Kahōʻāliʻi

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Wailua River, Kauaʻi

In the mythology of Kauaʻi, Hawaii, Kahōʻāliʻi is a god sometimes associated with the underworld.[1]

Ceremonies[edit]

On various ceremonial occasions, a dark man, naked, impersonated Kahōʻāliʻi. The man was marked with stripes or patches of white on the inner thighs. At the makahiki festival each winter, the eyeballs of a fish and that of a human victim were presented for him to swallow. When a heiau for human sacrifice was built, Kahōʻāliʻi was again impersonated by a naked man. When a heiau was being dedicated for the superincision of a young aliʻi, a night was set aside for Kahōʻāliʻi, during which anyone who left their house was killed. The priests who were looking for a victim to sacrifice were skilled at luring gullible persons out of their houses.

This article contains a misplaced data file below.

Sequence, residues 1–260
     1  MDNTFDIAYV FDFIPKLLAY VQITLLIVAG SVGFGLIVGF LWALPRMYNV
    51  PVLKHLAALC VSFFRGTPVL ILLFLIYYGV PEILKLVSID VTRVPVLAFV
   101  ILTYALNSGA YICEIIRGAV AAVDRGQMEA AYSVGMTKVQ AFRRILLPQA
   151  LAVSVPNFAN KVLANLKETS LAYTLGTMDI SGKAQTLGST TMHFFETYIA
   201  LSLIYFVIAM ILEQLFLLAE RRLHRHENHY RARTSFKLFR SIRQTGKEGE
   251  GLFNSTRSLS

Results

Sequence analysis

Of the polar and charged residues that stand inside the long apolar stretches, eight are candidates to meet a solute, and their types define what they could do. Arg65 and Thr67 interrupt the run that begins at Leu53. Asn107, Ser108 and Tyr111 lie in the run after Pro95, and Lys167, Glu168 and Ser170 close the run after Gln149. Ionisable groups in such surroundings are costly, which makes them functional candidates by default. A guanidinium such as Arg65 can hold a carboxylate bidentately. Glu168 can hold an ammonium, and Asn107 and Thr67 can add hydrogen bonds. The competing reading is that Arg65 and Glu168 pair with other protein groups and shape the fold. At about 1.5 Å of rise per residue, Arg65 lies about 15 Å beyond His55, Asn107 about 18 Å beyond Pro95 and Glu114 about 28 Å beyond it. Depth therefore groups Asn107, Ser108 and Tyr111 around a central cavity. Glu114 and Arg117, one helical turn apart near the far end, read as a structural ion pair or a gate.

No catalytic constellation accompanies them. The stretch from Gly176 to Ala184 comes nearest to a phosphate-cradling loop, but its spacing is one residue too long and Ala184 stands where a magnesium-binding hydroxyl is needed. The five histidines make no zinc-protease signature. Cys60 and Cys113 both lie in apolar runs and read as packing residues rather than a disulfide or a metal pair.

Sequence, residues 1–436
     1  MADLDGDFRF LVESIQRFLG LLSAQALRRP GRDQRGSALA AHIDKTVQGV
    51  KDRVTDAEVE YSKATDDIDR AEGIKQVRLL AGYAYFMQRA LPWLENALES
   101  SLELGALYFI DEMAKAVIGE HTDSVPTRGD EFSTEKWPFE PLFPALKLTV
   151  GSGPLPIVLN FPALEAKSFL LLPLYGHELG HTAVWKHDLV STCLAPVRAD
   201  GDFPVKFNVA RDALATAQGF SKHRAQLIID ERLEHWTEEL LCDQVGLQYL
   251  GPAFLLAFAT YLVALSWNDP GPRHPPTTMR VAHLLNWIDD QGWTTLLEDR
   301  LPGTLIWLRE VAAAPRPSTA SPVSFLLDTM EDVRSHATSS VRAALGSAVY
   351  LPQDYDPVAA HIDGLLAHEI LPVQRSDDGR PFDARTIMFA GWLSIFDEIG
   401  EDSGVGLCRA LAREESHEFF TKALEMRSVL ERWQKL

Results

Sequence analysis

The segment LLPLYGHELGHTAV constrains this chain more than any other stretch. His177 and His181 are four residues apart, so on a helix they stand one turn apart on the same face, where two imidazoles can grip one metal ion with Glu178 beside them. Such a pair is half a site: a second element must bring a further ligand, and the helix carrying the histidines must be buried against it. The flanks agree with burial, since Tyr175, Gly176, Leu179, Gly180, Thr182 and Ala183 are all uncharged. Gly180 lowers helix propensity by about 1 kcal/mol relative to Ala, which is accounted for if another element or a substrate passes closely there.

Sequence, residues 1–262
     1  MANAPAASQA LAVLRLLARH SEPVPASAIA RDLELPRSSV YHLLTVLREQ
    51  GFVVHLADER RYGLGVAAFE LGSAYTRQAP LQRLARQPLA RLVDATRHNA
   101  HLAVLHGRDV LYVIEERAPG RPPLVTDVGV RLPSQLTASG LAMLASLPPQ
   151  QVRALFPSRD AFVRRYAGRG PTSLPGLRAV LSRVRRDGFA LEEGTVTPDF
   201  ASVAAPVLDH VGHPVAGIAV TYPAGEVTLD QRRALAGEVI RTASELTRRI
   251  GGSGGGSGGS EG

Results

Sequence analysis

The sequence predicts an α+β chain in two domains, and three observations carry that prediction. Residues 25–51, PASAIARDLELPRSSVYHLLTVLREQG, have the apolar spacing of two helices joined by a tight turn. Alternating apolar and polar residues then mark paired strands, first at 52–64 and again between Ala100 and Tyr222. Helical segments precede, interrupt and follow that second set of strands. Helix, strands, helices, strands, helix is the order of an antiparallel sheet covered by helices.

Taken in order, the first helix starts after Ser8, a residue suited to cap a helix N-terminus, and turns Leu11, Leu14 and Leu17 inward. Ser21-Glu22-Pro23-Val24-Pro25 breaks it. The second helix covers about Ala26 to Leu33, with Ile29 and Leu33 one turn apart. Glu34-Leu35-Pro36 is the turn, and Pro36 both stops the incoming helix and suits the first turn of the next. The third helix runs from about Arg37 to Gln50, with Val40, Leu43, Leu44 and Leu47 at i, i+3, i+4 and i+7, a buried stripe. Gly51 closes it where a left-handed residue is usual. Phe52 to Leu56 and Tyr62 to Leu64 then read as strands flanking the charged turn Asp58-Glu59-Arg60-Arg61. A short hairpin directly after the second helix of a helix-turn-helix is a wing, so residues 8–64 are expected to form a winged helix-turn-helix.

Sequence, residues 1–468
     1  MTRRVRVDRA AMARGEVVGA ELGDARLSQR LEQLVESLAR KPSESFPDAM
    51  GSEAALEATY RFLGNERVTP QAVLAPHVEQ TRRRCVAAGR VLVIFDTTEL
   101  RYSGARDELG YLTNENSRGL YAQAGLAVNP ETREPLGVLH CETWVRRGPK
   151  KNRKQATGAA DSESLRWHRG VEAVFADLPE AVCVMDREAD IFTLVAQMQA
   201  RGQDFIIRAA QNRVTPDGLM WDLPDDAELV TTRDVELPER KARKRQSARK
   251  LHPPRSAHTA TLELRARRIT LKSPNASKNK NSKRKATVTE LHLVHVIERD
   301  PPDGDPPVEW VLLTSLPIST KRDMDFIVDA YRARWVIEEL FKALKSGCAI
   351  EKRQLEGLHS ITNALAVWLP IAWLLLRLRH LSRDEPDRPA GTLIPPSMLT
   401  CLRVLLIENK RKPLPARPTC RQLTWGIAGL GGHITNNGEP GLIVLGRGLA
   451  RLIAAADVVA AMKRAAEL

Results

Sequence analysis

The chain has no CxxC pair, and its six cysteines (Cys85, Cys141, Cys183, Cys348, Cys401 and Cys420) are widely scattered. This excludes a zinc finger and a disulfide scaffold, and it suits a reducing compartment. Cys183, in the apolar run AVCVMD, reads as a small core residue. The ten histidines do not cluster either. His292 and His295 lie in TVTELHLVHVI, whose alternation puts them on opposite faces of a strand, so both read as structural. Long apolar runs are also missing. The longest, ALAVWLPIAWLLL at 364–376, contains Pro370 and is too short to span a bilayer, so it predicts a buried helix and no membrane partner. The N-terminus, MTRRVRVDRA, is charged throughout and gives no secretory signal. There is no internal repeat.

A walled heiau at Kawaipapa was dedicated to him. The heiau was 60 ft × 80 ft (18 m × 24 m) in size, and the walls were 5 ft (1.5 m) wide and about 4 ft (1.2 m) high. Two famous axes, Hau-mapu and ʻOlopū, were associated with Kahōʻāliʻi. The kahuna marked the ʻōhiʻa lehua to be used to build a heiau for human sacrifice by touching the tree with both these axes before it could be cut down.

References[edit]

  1. ^ Frederick B Wichman (1998). Kaua'i: Ancient Place-Names and Their Stories. Honolulu: University of Hawaii Press. ISBN 0-8248-1943-8.